It is a well known fact that many seniors feel the cold more than their younger counterparts. This is often due to poor circulation because of vascular problems or heart disease. Lack of exercise can exasperate this. It is vital to try to take some exercise, especially during the cooler months of the year when the body can easily become chilled. Fatter individuals seem to feel the heat more than thinner people. This is partly due to the extra padding they have on the bodies (like wearing a warm coat) and partly because fat itself generates heat. So it stands to reason that if an older person has more body fat they will feel the cold less.
5. Cuddle Factor
This reason is not strictly speaking medical or physiological, but may very well impact on psychological and emotional well being – the’ Cuddle Factor’. Yes, you read that correctly! Aren’t fat little grannies just so lovely to cuddle up to? They’re like soft pillows to rest your head on or plump teddies to squeeze and hug! Everyone loves a cuddly grandma or grandpa. And the more cuddles grandma gets the happier she’ll be. A lighthearted reason perhaps, but true nonetheless, don’t you think?
Just because you're of a 'certain age' doesn't necessarily mean you no longer care about your appearance. Women, especially usually like to look their best, particularly if they are going somewhere special! Being in possession of a few wrinkles can be a sign of having reached a great age, and many communities venerate their elders for their wisdom acquired over the advancing years. But many seniors don't like the way they look, hence the rise in plastic surgery. A fatter face fills out wrinkles in a way that a thin one doesn't. Often a fat face is smooth and youthful looking.
So, if you are an elder in our society, eat well, exercise as much as is possible within your limitations, but please – don’t follow diet fads or try to be as slim as you were in your youth. It just ain’t gonna happen! It is a natural tendency for the body to gain weight as it ages, for hormonal and metabolic reasons. So go with the flow – a bit of extra weight is an insurance policy against infirmity, injury and decline.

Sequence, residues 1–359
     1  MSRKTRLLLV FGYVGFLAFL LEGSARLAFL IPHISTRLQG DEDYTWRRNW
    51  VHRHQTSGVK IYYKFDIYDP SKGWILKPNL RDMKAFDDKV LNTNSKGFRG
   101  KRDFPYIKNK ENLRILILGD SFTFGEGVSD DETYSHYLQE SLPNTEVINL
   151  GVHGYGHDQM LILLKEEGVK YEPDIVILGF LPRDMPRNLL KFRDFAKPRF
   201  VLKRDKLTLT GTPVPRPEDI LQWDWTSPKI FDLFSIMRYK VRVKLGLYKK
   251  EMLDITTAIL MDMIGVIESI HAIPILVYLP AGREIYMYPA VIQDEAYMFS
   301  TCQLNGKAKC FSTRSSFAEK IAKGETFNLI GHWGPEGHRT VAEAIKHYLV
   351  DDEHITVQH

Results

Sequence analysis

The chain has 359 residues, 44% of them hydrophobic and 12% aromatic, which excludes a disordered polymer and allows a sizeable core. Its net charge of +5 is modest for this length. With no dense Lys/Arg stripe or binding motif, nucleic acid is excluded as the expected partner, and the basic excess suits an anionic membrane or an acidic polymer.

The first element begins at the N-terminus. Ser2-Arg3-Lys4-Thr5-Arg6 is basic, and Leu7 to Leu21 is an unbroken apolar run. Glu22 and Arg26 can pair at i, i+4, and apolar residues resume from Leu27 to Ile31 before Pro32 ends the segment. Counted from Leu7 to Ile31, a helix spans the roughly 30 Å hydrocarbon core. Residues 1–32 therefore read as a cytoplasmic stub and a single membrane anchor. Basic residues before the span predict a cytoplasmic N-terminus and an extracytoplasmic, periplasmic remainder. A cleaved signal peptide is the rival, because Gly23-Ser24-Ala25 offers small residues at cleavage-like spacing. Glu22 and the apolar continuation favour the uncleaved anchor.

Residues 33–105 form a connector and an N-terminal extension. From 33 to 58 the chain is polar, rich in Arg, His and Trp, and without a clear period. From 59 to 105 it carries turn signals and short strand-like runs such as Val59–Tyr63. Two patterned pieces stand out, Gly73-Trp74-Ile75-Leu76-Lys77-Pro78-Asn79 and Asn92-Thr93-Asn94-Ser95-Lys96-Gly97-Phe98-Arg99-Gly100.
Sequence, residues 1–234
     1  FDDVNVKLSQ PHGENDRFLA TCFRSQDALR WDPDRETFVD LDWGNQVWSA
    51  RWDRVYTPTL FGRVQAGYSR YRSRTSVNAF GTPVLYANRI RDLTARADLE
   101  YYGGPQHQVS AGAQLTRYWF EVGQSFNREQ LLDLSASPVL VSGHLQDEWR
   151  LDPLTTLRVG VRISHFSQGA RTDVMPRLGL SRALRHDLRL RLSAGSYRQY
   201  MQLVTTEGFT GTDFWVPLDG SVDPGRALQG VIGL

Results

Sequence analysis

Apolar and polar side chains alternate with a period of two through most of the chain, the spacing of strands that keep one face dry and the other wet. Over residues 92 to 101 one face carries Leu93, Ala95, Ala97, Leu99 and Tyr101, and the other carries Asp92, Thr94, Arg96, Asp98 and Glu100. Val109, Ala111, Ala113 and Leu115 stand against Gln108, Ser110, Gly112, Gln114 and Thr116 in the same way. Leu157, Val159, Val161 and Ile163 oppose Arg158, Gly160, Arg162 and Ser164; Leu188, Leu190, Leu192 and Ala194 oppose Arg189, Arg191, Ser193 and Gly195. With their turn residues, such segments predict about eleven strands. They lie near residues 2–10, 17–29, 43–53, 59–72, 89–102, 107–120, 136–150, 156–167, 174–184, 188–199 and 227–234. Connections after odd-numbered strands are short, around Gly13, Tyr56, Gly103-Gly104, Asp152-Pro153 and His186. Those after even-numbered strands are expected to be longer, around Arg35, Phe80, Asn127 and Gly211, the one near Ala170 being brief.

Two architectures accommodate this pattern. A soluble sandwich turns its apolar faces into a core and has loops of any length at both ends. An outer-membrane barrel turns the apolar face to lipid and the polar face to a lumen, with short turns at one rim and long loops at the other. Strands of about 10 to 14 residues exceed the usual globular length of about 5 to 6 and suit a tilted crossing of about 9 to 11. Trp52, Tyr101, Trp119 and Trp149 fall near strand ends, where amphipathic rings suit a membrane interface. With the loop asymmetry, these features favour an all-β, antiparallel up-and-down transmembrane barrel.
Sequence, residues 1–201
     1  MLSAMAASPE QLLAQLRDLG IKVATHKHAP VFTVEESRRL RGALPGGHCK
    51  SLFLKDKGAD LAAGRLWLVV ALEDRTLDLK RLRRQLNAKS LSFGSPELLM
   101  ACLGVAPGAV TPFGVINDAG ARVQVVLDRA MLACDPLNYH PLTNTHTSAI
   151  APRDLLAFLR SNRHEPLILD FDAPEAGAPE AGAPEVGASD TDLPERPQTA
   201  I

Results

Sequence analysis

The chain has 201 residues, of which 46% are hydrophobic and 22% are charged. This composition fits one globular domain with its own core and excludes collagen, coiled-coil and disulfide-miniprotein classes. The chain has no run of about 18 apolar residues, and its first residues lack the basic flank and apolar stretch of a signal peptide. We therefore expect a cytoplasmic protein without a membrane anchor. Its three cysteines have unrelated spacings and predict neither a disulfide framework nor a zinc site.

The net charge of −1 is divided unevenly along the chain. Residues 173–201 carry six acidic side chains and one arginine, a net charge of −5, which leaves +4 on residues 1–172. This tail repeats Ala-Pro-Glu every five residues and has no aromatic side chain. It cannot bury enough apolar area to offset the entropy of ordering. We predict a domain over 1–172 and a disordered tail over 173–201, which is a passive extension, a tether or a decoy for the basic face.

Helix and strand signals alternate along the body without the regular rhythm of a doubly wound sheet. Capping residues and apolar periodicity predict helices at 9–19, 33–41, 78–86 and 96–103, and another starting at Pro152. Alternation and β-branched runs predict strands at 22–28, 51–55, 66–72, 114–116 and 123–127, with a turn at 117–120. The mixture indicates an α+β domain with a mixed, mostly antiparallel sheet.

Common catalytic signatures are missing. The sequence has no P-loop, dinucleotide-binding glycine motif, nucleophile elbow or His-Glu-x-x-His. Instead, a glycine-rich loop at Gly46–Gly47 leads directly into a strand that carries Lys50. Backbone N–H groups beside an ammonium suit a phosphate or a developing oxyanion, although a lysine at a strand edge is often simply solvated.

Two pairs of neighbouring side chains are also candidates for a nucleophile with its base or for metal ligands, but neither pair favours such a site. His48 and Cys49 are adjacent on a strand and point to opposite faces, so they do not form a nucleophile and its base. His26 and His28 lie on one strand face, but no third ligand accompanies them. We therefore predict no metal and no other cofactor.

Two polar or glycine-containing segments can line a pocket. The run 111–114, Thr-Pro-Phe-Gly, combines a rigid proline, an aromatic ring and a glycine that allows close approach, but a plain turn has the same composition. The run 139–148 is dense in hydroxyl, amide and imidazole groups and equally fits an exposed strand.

This content is accurate and true to the best of the author’s knowledge and does not substitute for diagnosis, prognosis, treatment, prescription, and/or dietary advice from a licensed health professional. Drugs, supplements, and natural remedies may have dangerous side effects. If pregnant or nursing, consult with a qualified provider on an individual basis. Seek immediate help if you are experiencing a medical emergency.
Kenneth Avery from Hamilton, Alabama on March 10, 2018:
Hi, Helen -- great hub! And I couldn't agree more with your topic and points. I just ask that you keep up the great writing and stay in touch with me.
Kenneth Avery from Hamilton, Alabama on September 14, 2017:
You are very welcome. I am taking life one day at a time and not worrying that much about weight, calories, etc.
I am again so honored to meet you--and follow you. I would love it if you were to follow me.
I appreciate the work that you are doing.
just helen (author) from Dartmoor UK on September 14, 2017:
Thank you for your lovely comment Kenneth. Sorry to hear you're not too well, and I hope you get better soon!
Kenneth Avery from Hamilton, Alabama on September 13, 2017:
I am so thrilled to have read your hub. The topic spoke to me and now, thanks to you, I am not going to obsess with weight, death, etc.
I mean it.
I am 63, and have Fibromyalgia, been diagnosed with this since 2003, but most people only focus on weight. So right now stops that.
Honored to meet you again, just helen.